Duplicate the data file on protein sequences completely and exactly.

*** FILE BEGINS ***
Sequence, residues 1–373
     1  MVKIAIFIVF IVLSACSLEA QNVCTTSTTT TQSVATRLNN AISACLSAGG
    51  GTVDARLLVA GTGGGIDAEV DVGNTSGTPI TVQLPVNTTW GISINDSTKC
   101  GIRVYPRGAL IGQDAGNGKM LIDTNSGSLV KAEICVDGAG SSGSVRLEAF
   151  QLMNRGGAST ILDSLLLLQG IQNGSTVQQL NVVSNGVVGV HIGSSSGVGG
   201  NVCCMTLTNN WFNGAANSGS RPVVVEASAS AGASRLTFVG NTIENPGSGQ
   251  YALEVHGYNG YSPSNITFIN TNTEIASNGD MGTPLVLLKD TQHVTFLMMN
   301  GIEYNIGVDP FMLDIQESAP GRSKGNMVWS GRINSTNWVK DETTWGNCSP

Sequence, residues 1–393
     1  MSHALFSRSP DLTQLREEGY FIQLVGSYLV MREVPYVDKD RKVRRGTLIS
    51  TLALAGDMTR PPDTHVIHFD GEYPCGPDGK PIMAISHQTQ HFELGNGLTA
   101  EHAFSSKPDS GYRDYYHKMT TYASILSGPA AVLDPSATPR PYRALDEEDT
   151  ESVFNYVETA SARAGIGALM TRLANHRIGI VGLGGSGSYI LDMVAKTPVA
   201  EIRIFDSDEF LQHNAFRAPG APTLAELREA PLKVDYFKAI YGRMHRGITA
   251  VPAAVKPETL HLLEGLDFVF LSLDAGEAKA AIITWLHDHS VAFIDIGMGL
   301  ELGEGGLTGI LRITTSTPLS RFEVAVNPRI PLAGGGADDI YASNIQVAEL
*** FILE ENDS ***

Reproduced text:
Sequence, residues 1–373
     1  MVKIAIFIVF IVLSACSLEA QNVCTTSTTT TQSVATRLNN AISACLSAGG
    51  GTVDARLLVA GTGGGIDAEV DVGNTSGTPI TVQLPVNTTW GISINDSTKC
   101  GIRVYPRGAL IGQDAGNGKM LIDTNSGSLV KAEICVDGAG SSGSVRLEAF
   151  QLMNRGGAST ILDSLLLLQG IQNGSTVQQL NVVSNGVVGV HIGSSSGVGG
   201  NVCCMTLTNN WFNGAANSGS RPVVVEASAS AGASRLTFVG NTIENPGSGQ
   251  YALEVHGYNG YSPSNITFIN TNTEIASNGD MGTPLVLLKD TQHVTFLMMN
   301  GIEYNIGVDP FMLDIQESAP GRSKGNMVWS GRINSTNWVK DETTWGNCSP

Sequence, residues 1–393
     1  MSHALFSRSP DLTQLREEGY FIQLVGSYLV MREVPYVDKD RKVRRGTLIS
    51  TLALAGDMTR PPDTHVIHFD GEYPCGPDGK PIMAISHQTQ HFELGNGLTA
   101  EHAFSSKPDS GYRDYYHKMT TYASILSGPA AVLDPSATPR PYRALDEEDT
   151  ESVFNYVETA SARAGIGALM TRLANHRIGI VGLGGSGSYI LDMVAKTPVA
   201  EIRIFDSDEF LQHNAFRAPG APTLAELREA PLKVDYFKAI YGRMHRGITA
   251  VPAAVKPETL HLLEGLDFVF LSLDAGEAKA AIITWLHDHS VAFIDIGMGL
   301  ELGEGGLTGI LRITTSTPLS RFEVAVNPRI PLAGGGADDI YASNIQVAEL